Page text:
The Guantanamo Bay military commission is weighing a defense motion whether to abate, or modify, proceedings against the five inmates charged for their alleged involvement in the Sept. 11 attacks, which killed almost 3,000 people in New York, Washington D.C. and Pennsylvania.
The tribunal was adjourned in April after defense lawyers said Federal Bureau of Investigation agents tried to turn a defense team expert on classified materials into an informant.
Defense lawyers claimed the attempt raised a conflict of interest between them and their clients.
Judge Army Colonel James Pohl said in a filing this month the commission was concerned that an outside counsel appointed to look into the allegations had not adequately dealt with issues raised by the defense about the alleged FBI probe.
The panel also was unsure whether other investigations had been carried out that the defense knew nothing about, Pohl said.
Brigadier General Mark Martins, the chief prosecutor, has assigned five special counsel to represent the prosecution in the hearing, which will be held on Monday and Tuesday.
Martins said in a statement late on Sunday the special counsel would wall the prosecution off from learning about any privileged communication between the defense and the accused that might emerge from the hearing.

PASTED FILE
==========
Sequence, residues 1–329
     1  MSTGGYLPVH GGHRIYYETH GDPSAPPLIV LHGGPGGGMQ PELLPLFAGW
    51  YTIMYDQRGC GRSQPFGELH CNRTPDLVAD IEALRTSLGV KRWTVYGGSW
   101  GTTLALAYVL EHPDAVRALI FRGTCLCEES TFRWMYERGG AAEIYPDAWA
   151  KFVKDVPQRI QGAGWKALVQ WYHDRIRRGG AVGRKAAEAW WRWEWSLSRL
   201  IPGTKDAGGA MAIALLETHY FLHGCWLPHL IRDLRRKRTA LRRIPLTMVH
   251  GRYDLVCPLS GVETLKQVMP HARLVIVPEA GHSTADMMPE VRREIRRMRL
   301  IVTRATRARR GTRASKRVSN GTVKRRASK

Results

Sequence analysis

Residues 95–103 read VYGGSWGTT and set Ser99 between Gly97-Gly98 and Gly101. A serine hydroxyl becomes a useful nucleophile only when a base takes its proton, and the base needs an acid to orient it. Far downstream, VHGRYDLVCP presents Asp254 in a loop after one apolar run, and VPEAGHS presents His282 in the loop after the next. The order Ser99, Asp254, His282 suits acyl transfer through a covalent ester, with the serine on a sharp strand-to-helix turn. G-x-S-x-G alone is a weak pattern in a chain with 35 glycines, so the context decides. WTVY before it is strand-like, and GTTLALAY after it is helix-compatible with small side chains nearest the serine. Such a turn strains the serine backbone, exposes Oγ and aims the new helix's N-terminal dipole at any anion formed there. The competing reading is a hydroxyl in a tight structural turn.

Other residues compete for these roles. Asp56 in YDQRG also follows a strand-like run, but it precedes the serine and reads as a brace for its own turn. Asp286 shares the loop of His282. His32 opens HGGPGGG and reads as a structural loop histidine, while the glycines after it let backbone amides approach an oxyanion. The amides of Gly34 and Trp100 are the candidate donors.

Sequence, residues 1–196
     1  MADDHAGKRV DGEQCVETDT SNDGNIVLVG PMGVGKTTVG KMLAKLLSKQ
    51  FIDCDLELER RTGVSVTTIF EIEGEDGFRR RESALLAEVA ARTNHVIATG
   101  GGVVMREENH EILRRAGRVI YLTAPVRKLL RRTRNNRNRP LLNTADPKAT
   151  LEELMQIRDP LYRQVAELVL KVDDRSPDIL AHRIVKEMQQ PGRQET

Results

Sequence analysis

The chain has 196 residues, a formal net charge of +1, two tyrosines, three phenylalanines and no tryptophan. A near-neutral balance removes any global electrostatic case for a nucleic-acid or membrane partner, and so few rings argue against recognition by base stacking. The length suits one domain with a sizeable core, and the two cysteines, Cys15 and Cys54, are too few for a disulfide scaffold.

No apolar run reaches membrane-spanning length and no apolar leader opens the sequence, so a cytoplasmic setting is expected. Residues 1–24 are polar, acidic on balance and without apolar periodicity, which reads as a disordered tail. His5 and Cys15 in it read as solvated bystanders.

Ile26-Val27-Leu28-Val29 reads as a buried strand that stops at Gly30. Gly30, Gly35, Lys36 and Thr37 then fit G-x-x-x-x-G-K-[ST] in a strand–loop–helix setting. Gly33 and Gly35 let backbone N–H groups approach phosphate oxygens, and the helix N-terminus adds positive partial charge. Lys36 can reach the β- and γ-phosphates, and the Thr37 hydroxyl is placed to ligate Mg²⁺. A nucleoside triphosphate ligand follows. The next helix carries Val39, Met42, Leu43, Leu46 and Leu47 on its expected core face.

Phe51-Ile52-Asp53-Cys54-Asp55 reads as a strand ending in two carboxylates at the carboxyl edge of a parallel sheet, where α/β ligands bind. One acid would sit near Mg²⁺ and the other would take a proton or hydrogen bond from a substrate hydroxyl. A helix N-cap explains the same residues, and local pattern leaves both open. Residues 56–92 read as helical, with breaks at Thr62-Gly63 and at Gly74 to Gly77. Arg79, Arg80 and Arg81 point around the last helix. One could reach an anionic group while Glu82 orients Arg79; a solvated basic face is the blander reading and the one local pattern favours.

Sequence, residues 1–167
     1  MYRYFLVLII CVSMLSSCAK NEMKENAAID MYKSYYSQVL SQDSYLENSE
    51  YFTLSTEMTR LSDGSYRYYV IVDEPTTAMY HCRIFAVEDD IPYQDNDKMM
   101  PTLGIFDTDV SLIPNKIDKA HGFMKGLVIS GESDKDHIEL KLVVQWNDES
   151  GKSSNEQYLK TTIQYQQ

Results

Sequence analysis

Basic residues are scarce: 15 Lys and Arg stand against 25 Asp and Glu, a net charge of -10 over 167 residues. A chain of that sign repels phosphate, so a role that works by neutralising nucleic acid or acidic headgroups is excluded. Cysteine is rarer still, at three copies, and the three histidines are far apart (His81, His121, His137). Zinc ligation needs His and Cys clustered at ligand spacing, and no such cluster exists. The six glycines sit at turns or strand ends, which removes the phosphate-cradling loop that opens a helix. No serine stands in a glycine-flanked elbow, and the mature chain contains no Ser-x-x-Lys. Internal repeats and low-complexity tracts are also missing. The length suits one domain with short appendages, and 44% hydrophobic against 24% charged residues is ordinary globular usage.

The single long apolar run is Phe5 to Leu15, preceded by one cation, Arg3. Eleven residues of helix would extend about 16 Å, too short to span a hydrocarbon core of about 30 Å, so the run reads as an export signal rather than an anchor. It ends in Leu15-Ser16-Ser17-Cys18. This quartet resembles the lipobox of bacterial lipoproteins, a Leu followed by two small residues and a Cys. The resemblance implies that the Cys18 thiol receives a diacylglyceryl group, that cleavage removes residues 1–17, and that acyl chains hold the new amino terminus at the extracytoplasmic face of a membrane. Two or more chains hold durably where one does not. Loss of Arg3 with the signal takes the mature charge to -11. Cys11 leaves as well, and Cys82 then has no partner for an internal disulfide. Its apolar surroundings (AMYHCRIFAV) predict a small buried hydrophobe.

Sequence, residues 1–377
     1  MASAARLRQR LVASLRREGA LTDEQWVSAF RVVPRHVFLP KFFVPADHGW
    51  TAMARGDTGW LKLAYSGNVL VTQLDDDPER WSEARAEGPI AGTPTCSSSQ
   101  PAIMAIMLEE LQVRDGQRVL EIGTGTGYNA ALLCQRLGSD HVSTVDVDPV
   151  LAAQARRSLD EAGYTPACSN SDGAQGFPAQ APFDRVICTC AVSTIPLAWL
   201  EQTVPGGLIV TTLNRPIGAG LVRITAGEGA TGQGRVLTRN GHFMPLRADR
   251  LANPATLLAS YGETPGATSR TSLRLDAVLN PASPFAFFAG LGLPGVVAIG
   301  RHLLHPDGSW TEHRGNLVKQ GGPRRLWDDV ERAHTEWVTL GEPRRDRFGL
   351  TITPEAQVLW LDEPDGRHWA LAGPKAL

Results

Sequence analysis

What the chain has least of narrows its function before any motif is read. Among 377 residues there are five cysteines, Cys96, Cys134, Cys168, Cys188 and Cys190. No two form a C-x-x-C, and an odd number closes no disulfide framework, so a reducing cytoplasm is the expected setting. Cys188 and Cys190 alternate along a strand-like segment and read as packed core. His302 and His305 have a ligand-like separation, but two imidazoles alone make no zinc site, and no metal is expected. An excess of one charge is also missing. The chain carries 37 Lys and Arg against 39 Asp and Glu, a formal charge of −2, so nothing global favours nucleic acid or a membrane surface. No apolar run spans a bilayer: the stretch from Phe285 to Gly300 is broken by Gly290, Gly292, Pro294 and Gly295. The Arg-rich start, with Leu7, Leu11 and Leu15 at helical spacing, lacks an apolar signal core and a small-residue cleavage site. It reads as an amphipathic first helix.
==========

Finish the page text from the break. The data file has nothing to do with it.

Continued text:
The U.S. military has called the five defendants "high-value detainees" who played key roles in plotting the 2001 attacks. They could be executed if convicted of charges that include mass murder, terrorism and hijacking.
The defendants were captured in 2002 and 2003 and were first charged at Guantanamo in 2008. The tribunals and the charges were revised by the administration of U.S. President Barack Obama, and the defendants were arraigned on the current charges in May 2012.
On Wednesday, the commission also will arraign Abd al-Hadi al-Iraqi, an Iraqi suspected of being a senior member of al Qaeda. He has been at the Guantanamo Bay U.S. Naval Base in Cuba for seven years.
The hearing is being held at Guantanamo Bay. Reporters and observers will monitor it through closed-circuit television at Fort Meade, Maryland.